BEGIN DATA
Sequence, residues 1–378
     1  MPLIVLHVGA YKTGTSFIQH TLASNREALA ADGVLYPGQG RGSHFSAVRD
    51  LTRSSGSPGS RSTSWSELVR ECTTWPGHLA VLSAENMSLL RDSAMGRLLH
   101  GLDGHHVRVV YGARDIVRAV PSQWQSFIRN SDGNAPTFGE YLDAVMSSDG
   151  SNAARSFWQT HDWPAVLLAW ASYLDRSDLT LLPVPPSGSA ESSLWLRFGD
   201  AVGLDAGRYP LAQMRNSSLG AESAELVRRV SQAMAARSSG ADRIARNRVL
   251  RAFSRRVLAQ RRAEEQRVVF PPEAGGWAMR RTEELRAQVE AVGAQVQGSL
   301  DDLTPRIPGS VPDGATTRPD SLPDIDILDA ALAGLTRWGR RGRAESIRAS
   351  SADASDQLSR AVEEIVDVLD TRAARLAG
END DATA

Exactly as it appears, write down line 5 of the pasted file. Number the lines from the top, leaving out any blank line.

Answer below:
   151  SNAARSFWQT HDWPAVLLAW ASYLDRSDLT LLPVPPSGSA ESSLWLRFGD